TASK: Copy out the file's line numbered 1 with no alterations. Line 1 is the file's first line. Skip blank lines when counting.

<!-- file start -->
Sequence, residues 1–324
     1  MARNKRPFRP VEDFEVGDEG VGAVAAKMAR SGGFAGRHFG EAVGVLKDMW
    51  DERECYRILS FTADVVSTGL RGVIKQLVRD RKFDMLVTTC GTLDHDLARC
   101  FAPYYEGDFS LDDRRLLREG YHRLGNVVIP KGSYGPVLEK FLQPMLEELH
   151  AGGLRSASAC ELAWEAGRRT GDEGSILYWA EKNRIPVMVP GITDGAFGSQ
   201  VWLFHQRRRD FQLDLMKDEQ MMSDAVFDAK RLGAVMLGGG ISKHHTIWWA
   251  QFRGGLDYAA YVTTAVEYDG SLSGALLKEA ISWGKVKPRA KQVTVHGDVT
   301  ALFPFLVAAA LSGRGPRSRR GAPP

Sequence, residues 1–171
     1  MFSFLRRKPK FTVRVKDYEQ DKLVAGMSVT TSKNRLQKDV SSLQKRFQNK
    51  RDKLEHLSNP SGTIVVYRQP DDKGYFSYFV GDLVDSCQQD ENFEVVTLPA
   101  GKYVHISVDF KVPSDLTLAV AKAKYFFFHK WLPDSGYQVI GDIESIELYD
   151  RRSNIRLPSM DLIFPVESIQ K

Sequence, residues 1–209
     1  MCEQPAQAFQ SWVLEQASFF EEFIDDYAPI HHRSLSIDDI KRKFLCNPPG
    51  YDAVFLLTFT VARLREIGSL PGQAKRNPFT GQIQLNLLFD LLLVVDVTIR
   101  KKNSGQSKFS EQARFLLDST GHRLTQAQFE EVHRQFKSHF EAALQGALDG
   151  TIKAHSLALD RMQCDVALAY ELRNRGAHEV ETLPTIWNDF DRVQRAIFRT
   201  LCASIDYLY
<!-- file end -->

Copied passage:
Sequence, residues 1–324